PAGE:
However, these two words could have been created purely to describe the second album by grunge innovators Nirvana.
Nevermind, the Seattle band’s second studio album, is 20-years-old this week and a number of the industry’s most influential movers and shakers have been queuing up to tell how the seminal release affected their lives.
MTV, which during Nirvana’s height in the early 1990s was the home of music videos, has chosen to launch a week-long celebration of the album that defined a generation.
Now the home of cheesy reality TV shows like Jersey Shore and My Super Sweet 16, the channel is to revisit archival footage of Kurt Cobain, Dave Grohl and Krist Novoselic.
Among the clips are interviews shot during the days after the album’s release, before the trio realised how popular they were to become.
One clip, which aired on September 30th 1991, six days after Nevermind hit record shop shelves, sees bassist Novoselic describe Nirvana as “just this crazy rock album”.
The effect that Nevermind and Nirvana had on the rock scene and music in general is immeasurable.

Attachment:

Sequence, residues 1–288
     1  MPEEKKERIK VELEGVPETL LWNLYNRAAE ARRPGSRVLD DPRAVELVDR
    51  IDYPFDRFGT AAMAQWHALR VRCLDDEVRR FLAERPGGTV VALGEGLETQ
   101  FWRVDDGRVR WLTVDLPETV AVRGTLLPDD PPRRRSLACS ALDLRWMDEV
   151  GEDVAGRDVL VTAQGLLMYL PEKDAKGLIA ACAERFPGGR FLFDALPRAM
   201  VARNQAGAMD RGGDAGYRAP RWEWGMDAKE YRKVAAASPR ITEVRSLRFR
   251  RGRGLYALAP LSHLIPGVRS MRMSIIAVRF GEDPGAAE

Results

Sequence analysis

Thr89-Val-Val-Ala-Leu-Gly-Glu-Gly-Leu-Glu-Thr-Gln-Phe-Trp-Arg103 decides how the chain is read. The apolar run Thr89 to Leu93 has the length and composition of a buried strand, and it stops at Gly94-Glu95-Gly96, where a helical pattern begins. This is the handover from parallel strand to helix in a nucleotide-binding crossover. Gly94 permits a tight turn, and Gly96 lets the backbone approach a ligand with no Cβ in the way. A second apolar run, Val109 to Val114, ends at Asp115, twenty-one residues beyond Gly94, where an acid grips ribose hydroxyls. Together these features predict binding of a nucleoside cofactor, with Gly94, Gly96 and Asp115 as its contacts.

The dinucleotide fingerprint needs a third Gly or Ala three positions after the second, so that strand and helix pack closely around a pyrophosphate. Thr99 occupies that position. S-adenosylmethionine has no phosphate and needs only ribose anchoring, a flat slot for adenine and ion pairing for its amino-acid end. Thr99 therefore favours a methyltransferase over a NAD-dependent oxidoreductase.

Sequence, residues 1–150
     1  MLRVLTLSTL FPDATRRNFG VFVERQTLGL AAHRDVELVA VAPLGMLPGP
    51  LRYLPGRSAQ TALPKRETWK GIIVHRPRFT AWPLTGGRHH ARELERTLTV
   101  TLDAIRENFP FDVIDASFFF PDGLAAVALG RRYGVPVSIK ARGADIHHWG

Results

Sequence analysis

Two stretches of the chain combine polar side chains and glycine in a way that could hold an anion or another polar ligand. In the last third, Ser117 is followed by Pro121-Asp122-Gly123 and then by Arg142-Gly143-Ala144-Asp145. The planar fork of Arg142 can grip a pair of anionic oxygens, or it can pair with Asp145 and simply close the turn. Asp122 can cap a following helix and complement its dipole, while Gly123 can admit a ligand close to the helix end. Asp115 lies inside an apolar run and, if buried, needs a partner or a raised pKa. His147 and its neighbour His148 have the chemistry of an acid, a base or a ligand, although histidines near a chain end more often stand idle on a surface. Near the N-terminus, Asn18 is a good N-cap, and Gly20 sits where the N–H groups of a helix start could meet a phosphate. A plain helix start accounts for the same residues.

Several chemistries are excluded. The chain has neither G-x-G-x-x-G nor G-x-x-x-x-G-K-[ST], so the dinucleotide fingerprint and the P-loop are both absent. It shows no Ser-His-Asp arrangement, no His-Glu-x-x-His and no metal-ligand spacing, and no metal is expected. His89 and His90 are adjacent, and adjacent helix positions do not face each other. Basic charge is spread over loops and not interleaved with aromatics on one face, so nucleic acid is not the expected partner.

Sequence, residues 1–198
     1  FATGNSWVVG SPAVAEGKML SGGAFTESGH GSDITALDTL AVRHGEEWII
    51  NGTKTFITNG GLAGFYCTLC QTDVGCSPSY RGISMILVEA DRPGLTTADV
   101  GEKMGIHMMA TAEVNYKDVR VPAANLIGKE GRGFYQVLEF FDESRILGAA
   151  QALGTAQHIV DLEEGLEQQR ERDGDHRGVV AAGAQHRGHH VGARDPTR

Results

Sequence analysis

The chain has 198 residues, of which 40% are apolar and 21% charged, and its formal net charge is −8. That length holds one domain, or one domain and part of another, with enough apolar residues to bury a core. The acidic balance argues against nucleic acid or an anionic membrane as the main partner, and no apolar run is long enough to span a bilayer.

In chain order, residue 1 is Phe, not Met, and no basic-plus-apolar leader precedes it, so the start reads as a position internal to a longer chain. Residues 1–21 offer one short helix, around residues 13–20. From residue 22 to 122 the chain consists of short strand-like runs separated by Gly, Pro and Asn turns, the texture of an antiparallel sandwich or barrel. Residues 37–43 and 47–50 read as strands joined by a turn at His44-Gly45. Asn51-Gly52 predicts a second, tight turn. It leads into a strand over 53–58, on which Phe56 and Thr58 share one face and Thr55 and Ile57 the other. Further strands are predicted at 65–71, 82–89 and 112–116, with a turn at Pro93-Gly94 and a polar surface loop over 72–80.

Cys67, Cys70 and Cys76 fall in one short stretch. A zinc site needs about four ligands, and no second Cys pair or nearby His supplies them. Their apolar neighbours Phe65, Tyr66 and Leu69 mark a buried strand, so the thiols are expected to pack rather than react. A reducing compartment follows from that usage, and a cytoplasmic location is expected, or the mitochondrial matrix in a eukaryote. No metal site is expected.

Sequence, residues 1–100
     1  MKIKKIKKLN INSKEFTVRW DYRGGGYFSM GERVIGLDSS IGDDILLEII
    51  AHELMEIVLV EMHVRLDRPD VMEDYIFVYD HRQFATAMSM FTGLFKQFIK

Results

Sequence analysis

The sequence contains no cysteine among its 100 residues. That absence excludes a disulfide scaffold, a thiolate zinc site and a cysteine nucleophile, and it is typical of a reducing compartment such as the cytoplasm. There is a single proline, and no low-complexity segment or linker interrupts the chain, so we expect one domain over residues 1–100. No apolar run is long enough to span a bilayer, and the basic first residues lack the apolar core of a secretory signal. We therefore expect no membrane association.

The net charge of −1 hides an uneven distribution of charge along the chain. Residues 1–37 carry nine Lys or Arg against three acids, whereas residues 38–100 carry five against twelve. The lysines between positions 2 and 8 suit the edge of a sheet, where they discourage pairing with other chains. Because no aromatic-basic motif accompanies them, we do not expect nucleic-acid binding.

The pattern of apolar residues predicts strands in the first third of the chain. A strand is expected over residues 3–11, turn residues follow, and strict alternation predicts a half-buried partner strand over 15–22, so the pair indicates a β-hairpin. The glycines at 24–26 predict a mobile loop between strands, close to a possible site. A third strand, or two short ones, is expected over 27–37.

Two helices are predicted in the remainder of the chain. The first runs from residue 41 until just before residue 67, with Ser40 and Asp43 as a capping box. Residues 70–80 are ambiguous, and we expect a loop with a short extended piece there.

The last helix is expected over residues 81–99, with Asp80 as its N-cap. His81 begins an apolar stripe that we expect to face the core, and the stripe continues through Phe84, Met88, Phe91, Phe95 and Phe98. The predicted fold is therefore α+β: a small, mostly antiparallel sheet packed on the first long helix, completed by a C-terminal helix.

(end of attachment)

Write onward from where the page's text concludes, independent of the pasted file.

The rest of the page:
Bands such as Sonic Youth, which Cobain often cited as his inspiration, saw Nevermind’s success pave the way for them to penetrate the mainstream.
However, the album had a wider appeal and even Lil Wayne, the Louisiana rap star, credits the album with helping him get to grips with a troubled youth.
The Young Money star told MTV’s Sway that despite rock music not being much of a part of his young life, Smells Like Teen Spirit, arguably the biggest hit of the 1990s, was just one of those songs you couldn’t ignore.
“Smells Like Teen Spirit was one of the only rock songs that would come on, and you’ll be like ‘That one is OK, I can deal with that one’,” he said.
“I was young and I actually listened to the lyrics, and I probably felt at that time that I was rebelling and I could associate myself with that and relate to the things [Kurt Cobain] was talking about and speaking about in the song. I probably couldn’t, but I thought I could,” he added.